Upsilon Virginis

From Wikipedia, the free encyclopedia
Jump to navigation Jump to search

υ Virginis
Virgo constellation map.svg
Red circle.svg
Location of υ Virginis (circled)
Observation data
Epoch J2000      Equinox J2000
Constellation Virgo
Right ascension  14h 19m 32.48100s[1]
Declination −02° 15′ 55.8637″[1]
Apparent magnitude (V) 5.27[2]
Spectral type G9 III[3]
U−B color index +0.81[2]
B−V color index 1.023[4]
Radial velocity (Rv)−26.68±0.16[4] km/s
Proper motion (μ) RA: −117.33[1] mas/yr
Dec.: −71.62[1] mas/yr
Parallax (π)12.47 ± 0.31[1] mas
Distance262 ± 7 ly
(80 ± 2 pc)
Absolute magnitude (MV)0.4[3]
Mass1.72[5] M
Radius12 R
Luminosity64.6 L
Surface gravity (log g)2.7 cgs
Temperature4,753 K
Metallicity [Fe/H]−0.22 dex
Rotational velocity (v sin i)3.4 km/s
Other designations
υ Vir, 102 Virginis, BD−01°2938, FK5 3134, HD 125454, HIP 70012, HR 5366, SAO 139866[6]
Database references

Upsilon Virginis (υ Vir, υ Virginis) is a single[7] star in the zodiac constellation of Virgo. It has an apparent visual magnitude of 5.25,[2] making it faintly visible to the naked eye. According to the Bortle scale, it is visible from backlit suburban skies at night. Based upon a measured annual parallax shift of 0.012.47 arcseconds,[1] it is located roughly 262 light-years (80 parsecs) from the Sun. If the star were at a distance of 33 light-years (10 parsecs), it would have a magnitude of +0.4 and be the third-brightest star in the night sky.[3]

This star has a stellar classification of G9 III,[3] which indicates it is an evolved G-type giant star. It has an estimated 172% of the Sun's mass and has expanded to 12 times the radius of the Sun, from which it is shining with 64.6 times the solar luminosity.[4] The effective temperature of the star's outer atmosphere is 4,753 K.[4] Based upon its motion through space, there is a 66% chance of being a member of the Hercules stream and a 27% chance it is a thin disk star.[8]


  1. ^ a b c d e f van Leeuwen, F. (November 2007), "Validation of the new Hipparcos reduction", Astronomy and Astrophysics, 474 (2): 653–664, arXiv:0708.1752, Bibcode:2007A&A...474..653V, doi:10.1051/0004-6361:20078357.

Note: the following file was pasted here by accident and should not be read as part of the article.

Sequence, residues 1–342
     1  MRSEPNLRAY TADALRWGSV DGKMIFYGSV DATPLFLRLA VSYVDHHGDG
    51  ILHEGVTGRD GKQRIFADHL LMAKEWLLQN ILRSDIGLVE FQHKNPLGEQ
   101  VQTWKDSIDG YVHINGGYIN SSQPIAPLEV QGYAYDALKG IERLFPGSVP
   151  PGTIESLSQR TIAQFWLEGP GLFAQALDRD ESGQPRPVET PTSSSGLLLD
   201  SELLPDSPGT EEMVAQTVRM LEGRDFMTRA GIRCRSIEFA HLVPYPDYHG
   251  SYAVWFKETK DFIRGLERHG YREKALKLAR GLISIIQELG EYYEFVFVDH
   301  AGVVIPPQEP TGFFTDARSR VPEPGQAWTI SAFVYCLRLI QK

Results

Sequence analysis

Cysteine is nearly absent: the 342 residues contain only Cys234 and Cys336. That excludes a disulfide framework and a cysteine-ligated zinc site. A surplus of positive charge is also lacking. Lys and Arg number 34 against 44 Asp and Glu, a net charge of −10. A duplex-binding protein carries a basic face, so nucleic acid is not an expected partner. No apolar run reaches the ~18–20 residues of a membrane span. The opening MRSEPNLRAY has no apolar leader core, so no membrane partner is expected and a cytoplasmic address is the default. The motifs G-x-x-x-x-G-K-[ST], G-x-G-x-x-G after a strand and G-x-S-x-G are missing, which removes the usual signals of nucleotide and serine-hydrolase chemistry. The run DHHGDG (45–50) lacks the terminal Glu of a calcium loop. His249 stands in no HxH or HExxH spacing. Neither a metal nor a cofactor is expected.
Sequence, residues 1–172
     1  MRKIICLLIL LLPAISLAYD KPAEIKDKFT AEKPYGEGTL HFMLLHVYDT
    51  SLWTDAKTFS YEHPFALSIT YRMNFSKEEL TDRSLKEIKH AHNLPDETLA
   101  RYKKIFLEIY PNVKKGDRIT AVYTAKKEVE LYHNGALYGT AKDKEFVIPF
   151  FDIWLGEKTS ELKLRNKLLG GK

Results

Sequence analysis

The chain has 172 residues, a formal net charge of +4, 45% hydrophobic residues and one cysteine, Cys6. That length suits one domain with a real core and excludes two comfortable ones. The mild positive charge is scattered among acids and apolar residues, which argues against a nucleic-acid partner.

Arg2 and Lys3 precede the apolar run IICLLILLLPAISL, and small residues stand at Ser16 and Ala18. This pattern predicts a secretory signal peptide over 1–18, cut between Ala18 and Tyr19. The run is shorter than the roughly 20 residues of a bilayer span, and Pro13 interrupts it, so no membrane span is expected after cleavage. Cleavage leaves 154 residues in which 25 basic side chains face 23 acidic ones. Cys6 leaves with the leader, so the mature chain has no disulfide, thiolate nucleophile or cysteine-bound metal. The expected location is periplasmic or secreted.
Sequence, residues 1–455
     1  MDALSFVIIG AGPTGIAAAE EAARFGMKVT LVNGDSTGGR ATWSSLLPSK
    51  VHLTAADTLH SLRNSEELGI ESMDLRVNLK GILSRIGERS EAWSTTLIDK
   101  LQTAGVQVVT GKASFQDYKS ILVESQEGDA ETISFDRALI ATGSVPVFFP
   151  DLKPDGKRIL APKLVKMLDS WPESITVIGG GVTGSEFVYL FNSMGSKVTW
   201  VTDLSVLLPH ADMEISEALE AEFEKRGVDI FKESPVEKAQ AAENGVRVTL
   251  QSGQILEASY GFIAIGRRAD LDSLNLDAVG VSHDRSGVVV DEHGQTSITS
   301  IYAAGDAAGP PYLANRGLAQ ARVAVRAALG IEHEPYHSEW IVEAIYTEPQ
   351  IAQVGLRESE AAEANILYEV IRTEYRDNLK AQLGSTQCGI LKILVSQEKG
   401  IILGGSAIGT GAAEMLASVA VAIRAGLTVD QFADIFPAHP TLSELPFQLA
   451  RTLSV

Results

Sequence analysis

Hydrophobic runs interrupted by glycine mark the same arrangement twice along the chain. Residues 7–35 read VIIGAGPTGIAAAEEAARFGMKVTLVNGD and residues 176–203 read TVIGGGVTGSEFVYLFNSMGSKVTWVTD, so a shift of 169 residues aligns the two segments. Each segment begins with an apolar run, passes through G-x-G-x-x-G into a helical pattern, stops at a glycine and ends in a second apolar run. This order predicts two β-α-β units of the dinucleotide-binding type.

2. ^ a b c Mermilliod, J.-C. (1986), Compilation of Eggen's UBV data, transformed to UBV (unpublished), SIMBAD, Bibcode:1986EgUBV........0M.
  3. ^ a b c d Takeda, Yoichi; et al. (August 2008), "Stellar Parameters and Elemental Abundances of Late-G Giants", Publications of the Astronomical Society of Japan, 60 (4): 781–802, arXiv:0805.2434, Bibcode:2008PASJ...60..781T, doi:10.1093/pasj/60.4.781.
  4. ^ a b c d e Massarotti, Alessandro; et al. (January 2008), "Rotational and radial velocities for a sample of 761 HIPPARCOS giants and the role of binarity", The Astronomical Journal, 135 (1): 209–231, Bibcode:2008AJ....135..209M, doi:10.1088/0004-6256/135/1/209.
  5. ^ Luck, R. Earle; Heiter, Ulrike (June 2007), "Giants in the Local Region", The Astronomical Journal, 133 (6): 2464–2486, Bibcode:2007AJ....133.2464L, doi:10.1086/513194.
  6. ^ "ups Vir -- Variable Star", SIMBAD Astronomical Database, Centre de Données astronomiques de Strasbourg, retrieved 2016-09-18.
  7. ^ Eggleton, P. P.; Tokovinin, A. A. (September 2008), "A catalogue of multiplicity among bright stellar systems", Monthly Notices of the Royal Astronomical Society, 389 (2): 869–879, arXiv:0806.2878, Bibcode:2008MNRAS.389..869E, doi:10.1111/j.1365-2966.2008.13596.x.
  8. ^ Soubiran, C.; et al. (March 2008), "Vertical distribution of Galactic disk stars. IV. AMR and AVR from clump giants", Astronomy and Astrophysics, 480 (1): 91–101, arXiv:0712.1370, Bibcode:2008A&A...480...91S, doi:10.1051/0004-6361:20078788.